The national picture

The latest R value for Scotland (published on 25 March)[2] has increased and was between 0.8 and 1.0 (Figure 1), with a growth rate of between -4% and -1%.

Figure 1: R in Scotland over time
The R number has varied over the pandemic with the estimated range moving above 1 in Autumn 2020 and January 2021. For the number of infectious people to fall we need to keep the R number consistently below 1. The latest R value for Scotland (published on 25 March) has increased to between 0.8 to 1.0 compared to the previous weeks estimate of between 0.7 and 1.0 (Figure 1), with a growth rate of between -4% and -1% implying that the number of infectious people is still falling.

Since they were introduced in early January at a national level we have seen the impact of stay at home measures in reducing the level of SARS-CoV-2 in Scotland. An average of 552 cases were reported per day in the 7 days to 25 March, this is a 6% decrease from the daily average cases recorded a week earlier to 18 March[3]. Average daily cases reported are now under a quarter of the peak of 2,323 in the week to 7 January. Our current position is 71 weekly cases per 100,000 in the week to 22 March[4]. This compares to 302 weekly cases per 100,000 on 8 January and is similar to the weekly case rate observed at the end of September (see Figure 2)[4].

Levels of Covid in wastewater are monitored at 28 sites around Scotland. In contrast to COVID-19 case records, virus shedding into wastewater is a biological process. This means that wastewater data is unaffected by factors that impact whether testing is done. The overall level of wastewater Covid this week was similar to the last two weeks, reflecting the ongoing plateau in the rate of new cases.

Figure 2: Seven day case rate for Scotland by specimen date. Refers to PCR testing only.
The weekly case rate of diagnosed infection is defined as the number of newly reported, laboratory confirmed cases of SAR-CoV-2 per 100,000 population. This case rate rose from a low of 24.7 in September to 170.1 in October.  It then reduced and levelled off at just over 100 by the beginning of December. At the end of December it rose sharply to just over 300 at the start of January.  It has been decreasing since then but two weeks ago there was a small increase and then it plateaued in the last week. The weekly case rate is 71 as at 22 March and is now similar to the weekly case rate observed at the end of September.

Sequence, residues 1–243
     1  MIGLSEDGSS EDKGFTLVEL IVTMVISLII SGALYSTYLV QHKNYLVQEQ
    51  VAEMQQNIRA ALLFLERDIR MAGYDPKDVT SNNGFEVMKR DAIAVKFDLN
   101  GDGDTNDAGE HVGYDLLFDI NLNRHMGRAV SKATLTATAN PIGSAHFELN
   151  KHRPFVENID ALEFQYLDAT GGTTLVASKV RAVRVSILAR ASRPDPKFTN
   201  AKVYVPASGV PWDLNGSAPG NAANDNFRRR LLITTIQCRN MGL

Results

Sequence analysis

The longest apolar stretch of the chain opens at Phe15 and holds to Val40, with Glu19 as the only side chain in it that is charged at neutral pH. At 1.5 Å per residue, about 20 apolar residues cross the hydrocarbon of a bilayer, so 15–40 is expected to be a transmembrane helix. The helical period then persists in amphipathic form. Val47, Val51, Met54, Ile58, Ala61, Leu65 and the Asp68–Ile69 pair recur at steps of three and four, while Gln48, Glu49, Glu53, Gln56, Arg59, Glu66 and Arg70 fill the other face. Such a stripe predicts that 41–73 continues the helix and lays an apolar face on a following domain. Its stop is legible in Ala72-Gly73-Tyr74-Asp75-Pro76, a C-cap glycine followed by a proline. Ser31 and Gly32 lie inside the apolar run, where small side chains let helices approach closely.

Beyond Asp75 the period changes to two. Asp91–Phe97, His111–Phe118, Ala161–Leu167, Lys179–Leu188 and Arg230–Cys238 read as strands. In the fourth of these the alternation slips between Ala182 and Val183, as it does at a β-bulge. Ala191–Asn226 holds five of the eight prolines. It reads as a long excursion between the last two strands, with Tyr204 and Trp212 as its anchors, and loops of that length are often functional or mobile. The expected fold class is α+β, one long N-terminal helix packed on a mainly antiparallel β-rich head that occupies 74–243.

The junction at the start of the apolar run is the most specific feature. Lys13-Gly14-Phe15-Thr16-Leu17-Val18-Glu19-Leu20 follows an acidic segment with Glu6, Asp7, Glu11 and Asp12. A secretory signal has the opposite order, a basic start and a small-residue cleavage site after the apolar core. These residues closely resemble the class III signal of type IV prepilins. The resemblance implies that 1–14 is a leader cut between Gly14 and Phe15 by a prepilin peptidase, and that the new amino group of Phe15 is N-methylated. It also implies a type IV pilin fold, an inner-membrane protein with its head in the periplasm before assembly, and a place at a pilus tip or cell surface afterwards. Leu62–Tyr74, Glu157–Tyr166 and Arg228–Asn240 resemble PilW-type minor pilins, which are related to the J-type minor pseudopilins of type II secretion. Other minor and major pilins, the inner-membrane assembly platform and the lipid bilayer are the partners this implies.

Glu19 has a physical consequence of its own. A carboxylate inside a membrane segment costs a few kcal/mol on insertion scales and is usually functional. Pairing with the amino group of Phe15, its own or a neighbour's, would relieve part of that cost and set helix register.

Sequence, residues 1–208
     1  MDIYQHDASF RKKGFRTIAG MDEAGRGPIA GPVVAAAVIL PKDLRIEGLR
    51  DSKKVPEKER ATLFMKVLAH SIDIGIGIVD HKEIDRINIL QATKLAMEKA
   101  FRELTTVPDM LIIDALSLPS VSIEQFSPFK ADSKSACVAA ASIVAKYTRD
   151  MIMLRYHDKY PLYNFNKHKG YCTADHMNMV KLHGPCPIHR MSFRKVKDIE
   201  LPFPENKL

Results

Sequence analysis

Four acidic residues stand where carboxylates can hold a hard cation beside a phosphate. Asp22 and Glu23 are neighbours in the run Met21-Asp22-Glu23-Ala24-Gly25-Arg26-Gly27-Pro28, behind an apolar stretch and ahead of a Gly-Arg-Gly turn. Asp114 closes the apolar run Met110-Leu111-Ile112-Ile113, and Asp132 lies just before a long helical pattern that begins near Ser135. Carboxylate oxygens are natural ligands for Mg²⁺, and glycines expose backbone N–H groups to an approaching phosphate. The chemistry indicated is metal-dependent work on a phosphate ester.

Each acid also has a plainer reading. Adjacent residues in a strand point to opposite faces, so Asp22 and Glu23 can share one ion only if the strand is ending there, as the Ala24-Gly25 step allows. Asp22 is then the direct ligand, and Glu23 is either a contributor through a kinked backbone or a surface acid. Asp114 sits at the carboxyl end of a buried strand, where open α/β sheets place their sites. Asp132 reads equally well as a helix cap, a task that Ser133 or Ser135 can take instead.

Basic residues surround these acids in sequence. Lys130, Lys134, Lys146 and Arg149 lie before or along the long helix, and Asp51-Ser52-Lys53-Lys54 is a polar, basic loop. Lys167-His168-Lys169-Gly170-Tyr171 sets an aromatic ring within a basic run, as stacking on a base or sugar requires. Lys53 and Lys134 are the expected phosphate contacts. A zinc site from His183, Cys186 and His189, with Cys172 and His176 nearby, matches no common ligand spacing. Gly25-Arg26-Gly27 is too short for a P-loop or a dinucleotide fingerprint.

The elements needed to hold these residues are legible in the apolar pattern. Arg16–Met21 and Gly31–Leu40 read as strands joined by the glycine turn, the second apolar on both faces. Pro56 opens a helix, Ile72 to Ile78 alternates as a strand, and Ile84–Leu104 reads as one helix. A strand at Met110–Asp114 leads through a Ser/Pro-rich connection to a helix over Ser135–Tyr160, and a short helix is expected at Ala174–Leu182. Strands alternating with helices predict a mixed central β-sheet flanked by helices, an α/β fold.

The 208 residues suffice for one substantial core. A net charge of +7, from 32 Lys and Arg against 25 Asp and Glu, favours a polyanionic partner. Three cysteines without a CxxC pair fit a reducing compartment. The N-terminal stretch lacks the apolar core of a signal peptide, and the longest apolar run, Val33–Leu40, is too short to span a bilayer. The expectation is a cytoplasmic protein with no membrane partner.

Case rates in most age groups have slightly decreased, with a slight increase in cases in those aged 0-19 this week (Figure 3).

Figure 3: Seven day case rate in Scotland by age group by specimen date [5]. Refers to PCR testing only.
Figure 3 shows the seven day case rates per 100,000 for five different age bands over time.  Each age band shows a similar trend with a peak in cases in January, with the 00-19 age band having the highest case rate and the over 80s age band having the lowest case rate. The case rates in most age groups have slightly decreased and cases in 00-19 age group have seen a slight increase this week.

Not everyone who has the virus will be tested, as many people do not realise they have COVID, or have mild symptoms and do not come forward. Latest modelled estimates suggest there are currently anywhere between 710 and 1,640 people infected in Scotland each day[2]. This means that as of 24 March there were between 13 and 30 new daily infections per 100,000 people.

The number of people in hospital with confirmed Covid for less than 28 days is declining. After peaking at 2,053 on 22 January, this figure has decreased and as of 25 March there were 310 patients in hospital with COVID-19. In addition, there was a fall in daily hospital admissions for people with Covid from a peak of 242 on 11 January to 19 on 19 March[6].